#Nextchat: The Rise of ‘New-Collar’ Jobs and Nontraditional Talent

 

 

 

 

No degree? No experience? No problem.

A high demand for skills combined with a low unemployment rate have made nontraditional pools of talent an attractive option for employers looking to boost recruiting efforts.

Organizations are increasing their candidate flow and building greater diversity in their pipelines by removing the barriers—such as a bachelor’s degree or previous corporate experience—that keep viable candidates from applying.

The SHRM Online article “Employers Open to Ditching Degree Requirements When Hiring” says that “Nine in 10 employers report being ready to accept candidates without four-year college degrees to fill positions in an increasingly tight labor market.” The article also identifies some companies that have embraced other types of qualifications. For example:

  • EY and PwC announced that they were eliminating degree requirements for some of their entry-level jobs in the U.K. in 2015 in favor of administering pre-hire tests and assessments.
  • IBM is building pipelines of nontraditional talent.
  • Technology companies like GE Digital and Intel have been seeking talent from other educational streams, such as coding programs.

According to Glassdoor, companies like Google, Apple and Bank of America also no longer require a degree for certain positions.

In building pipelines of nontraditional talent, companies are seeking talent from other educational streams. The CNBC article Why IBM wants to hire employees who don’t have a 4-year college degree says that New-collar jobs not only “bring in candidates who built skills through coding camps, community colleges or modern career education programs, but they also attract veterans and those re-entering the workforce or relaunching their career.”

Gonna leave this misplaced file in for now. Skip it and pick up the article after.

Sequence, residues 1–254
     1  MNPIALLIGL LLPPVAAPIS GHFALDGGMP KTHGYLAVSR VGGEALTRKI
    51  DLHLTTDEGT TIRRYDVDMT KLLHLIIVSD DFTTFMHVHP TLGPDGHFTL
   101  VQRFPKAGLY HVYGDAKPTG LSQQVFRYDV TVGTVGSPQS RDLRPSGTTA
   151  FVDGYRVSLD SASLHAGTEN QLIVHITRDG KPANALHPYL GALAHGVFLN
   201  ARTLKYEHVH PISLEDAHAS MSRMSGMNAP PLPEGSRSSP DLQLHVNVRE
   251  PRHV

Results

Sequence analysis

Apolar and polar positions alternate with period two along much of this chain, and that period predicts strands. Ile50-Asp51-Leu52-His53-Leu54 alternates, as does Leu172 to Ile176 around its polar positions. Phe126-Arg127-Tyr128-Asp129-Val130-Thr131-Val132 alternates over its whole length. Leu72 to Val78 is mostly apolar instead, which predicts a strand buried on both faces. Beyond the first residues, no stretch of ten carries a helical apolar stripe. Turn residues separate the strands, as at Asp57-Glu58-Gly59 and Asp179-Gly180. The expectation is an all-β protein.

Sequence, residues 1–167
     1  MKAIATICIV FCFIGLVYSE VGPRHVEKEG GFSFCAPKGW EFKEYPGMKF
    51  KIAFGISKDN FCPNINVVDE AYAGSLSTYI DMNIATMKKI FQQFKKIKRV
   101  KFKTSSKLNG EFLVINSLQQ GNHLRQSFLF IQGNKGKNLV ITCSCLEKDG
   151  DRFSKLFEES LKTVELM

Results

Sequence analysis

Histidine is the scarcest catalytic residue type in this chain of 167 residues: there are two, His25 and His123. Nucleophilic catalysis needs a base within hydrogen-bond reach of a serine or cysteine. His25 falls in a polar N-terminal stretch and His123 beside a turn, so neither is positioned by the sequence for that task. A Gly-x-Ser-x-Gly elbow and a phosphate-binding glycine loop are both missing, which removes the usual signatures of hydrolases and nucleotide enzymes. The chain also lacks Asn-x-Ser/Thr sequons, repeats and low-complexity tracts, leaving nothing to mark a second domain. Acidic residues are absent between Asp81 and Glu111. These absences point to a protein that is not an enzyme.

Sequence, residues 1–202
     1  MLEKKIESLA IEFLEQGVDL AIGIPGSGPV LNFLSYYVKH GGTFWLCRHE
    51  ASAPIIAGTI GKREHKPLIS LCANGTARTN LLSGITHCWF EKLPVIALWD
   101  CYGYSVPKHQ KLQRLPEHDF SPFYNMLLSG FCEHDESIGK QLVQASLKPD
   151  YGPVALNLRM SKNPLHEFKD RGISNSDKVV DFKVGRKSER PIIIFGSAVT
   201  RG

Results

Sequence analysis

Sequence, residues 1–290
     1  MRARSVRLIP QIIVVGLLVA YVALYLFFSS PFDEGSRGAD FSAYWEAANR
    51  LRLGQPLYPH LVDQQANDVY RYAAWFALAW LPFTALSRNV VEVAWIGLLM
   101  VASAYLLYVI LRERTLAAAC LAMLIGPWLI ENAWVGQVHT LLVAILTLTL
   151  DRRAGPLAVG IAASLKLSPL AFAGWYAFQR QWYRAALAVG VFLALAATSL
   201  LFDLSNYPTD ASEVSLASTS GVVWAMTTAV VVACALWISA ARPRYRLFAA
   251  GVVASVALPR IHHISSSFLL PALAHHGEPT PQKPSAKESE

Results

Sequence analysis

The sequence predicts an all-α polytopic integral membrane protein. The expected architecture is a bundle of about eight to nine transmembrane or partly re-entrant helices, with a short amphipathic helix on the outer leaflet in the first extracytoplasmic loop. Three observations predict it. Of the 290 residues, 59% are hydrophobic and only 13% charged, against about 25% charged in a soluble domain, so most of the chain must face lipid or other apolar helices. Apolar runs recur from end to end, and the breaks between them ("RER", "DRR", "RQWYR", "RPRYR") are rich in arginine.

In an interview for this #Nextchat, talent strategist Mary Faulkner said, "Removing artificial barriers to entry for positions can only help an organization. Internal candidates will have more options for career development, and hiring managers will have a more diverse external talent pool to choose from. This means changing some potentially long-held beliefs about degrees. It may also result in changing the organization's entire outlook on the value of developing employees. But in the long run, I think it's worth it."

How is your organization changing its talent acquisition strategies to take advantage of nontraditional talent, and how are you assessing skills for new-collar positions?

Please join @shrmnextchat at 3:00 p.m. ET on July 18 for #Nextchat with special guest Mary Faulkner (@mfaulkner43). We’ll chat about how searching for talent in nontraditional pools can enhance your talent acquisition strategies.

Q1. What are the pros and cons of removing degree requirements when hiring?

Q2. What conversations, if any, is your organization having about adjusting or removing educational and other requirements to boost talent acquisition efforts?

Q3. How has adjusting or removing degree and/or other requirements changed your talent acquisition strategy?

Q4. "Grow" versus "hire"—how do you determine when to hire an experienced candidate and when to hire a qualified candidate with great potential who might be a better long-term hire?

Q5. How is your organization working with community colleges, coding camps and other modern career educational programs to find “new-collar” talent?

Q6. How does your organization calculate the education/experience equivalency for job requirements in lieu of a degree?

Q7. How can HR assess a candidate’s skills and ability to drive results in lieu of specific experience or a degree?

Q8. What advice can you share with others regarding removing degree requirements and other ways of building pipelines of nontraditional talent?

IF YOU MISSED THIS #NEXTCHAT YOU CAN READ THE RECAP WITH ALL THE TWEETS HERE.

How to participate in an HR Twitter chat

 

 

 

 

 

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